Symmetric Authentication - Use Case Example
to authenticate; to prove that something is real, true, or genuine.

In terms of computer security, it is a process in which two entities exchange information to authenticate the identity of the other.

In this use case example, we will authenticate an object. It can be an accessory, peripheral, battery, or cartridge. Generally, an object that is removable and replaceable by the consumer. The purpose of authenticating an object is to ensure that it is genuine and it is authorized to connect to a product. Another purpose is to prevent cloning and counterfeiting.

This method avoids the need for an Internet connection and white (or black) list. A white list is a lookup table for identifying approved units. A black list is a lookup table for identifying non-approved units.

This method also allows for a limited number of uses. If the object is to only be used a limited number of times, a counter counts the number of uses. Once the specified number of uses has been reached, authentication ceases and the object can no longer be used.

Symmetric authentication uses symmetric key algorithms (also known as secret key algorithm).

The secrecy of the Parent Key is critical to this method. A compromised Parent Key compromises the entire system of products. Hardware tamper protection is highly recommended. It is a best practice to limit the distribution of the Parent Key to an absolute minimum.

The Provisioning Process (Factory Setup)

The Authority creates a Secret Key which will be used as the Parent Key for the system.

Step 1:

The Parent Key is sent to each Manufacturing Module. Each manufacturing site will have its own Manufacturing Module.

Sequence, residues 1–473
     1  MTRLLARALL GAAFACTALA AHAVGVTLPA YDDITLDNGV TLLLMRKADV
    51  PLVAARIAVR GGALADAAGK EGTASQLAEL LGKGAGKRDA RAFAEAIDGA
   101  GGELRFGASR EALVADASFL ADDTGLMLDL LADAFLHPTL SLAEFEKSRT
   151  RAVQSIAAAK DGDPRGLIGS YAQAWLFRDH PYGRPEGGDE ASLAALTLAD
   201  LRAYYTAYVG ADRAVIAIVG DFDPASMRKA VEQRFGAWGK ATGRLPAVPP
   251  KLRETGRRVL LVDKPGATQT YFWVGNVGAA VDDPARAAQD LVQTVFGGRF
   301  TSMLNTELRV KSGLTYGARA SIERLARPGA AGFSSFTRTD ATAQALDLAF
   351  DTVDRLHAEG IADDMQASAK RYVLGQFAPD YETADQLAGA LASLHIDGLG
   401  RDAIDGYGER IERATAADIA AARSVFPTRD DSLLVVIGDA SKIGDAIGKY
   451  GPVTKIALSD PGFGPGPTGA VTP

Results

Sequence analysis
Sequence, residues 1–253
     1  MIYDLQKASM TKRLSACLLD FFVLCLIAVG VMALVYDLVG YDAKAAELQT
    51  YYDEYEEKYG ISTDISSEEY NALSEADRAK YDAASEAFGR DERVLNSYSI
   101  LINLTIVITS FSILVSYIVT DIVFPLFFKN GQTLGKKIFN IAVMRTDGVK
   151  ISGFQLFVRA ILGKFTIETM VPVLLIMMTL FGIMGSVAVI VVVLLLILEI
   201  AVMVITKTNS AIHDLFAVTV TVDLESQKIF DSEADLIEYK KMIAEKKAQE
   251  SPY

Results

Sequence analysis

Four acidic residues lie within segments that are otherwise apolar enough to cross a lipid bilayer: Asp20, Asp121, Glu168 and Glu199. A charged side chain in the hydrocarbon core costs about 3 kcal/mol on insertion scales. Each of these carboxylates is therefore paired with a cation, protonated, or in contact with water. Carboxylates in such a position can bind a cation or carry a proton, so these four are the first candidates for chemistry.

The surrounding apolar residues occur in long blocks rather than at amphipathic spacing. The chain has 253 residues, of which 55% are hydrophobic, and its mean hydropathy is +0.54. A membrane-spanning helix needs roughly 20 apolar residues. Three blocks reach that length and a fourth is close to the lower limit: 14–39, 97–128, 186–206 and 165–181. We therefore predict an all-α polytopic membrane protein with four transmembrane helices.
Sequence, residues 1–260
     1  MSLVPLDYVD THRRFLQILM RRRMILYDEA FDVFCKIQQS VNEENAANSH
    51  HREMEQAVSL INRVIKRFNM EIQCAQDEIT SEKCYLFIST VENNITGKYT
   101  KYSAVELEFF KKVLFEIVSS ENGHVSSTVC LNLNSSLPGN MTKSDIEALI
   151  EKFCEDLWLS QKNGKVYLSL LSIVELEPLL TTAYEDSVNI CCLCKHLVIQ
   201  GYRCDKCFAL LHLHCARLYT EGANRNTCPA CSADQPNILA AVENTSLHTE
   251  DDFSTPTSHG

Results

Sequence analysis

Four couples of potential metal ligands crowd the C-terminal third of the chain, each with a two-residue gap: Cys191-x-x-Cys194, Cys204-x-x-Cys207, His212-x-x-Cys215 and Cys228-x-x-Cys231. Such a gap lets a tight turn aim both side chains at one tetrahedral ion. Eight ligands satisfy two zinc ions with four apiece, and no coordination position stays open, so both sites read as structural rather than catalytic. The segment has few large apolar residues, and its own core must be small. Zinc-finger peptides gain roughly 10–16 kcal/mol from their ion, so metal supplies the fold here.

FIGURE 1: Authenticating the Manufacturing Module

Step 2:

The unique serial number of the end product Peripheral is sent to the Manufacturing Module.

Step 3:

The Manufacturing Module performs a hash function on the unique serial number and the Parent Key which creates a Derived Key uniquely associated with the end product Peripheral. The Derived Key is loaded into the End Product.

Step 4:

The device which will act as the “Host” in the field needs to have knowledge of the Parent Key.

The Parent Key stored in the Host needs to be protected from being copied or modified.

This completes the provisioning stage done during the time of manufacture.

FIGURE 2: Authenticating the End Product at Manufacture Time

The Authentication Process (Running in the field)

The next two figures show the run-time authentication process the Host uses to prove that the Peripheral is genuine. All aspects of the authentication process are done through runtime firmware.

Step 1:

The Host must now recreate the Derived Key, which is unique to this Peripheral. The Host requests the unique serial number of the Peripheral and performs a hash function with the Parent Key which creates a Derived Key uniquely associated with the end product Peripheral.


Since this is the exact same process done during the time of manufacturing, the Host Derived Key should match the Peripheral Derived Key.


Both the Host and the Peripheral now share a secret symmetric key unique to the Peripheral.

Step 2:

The Host generates a "random challenge" which is sent to the Peripheral. Both the Peripheral and the Host perform a Hash function on the random challenge and their own Parent Key

Step 3:

The Host asks for the result from the Peripheral and compares it against the result it generated. If the two results match, then the Peripheral is genuine.

FIGURE 3: Authenticating the Peripheral

Step 4:

If the Peripheral should only be used a limited number of times, a monotonic counter is decremented each time an authentication occurs. When the counter reaches zero, no more hashing results are produced. The device cannot be authenticated and therefore should be disposed and replaced.

FIGURE 4: Authenticating the Peripheral for Limited Number of Uses
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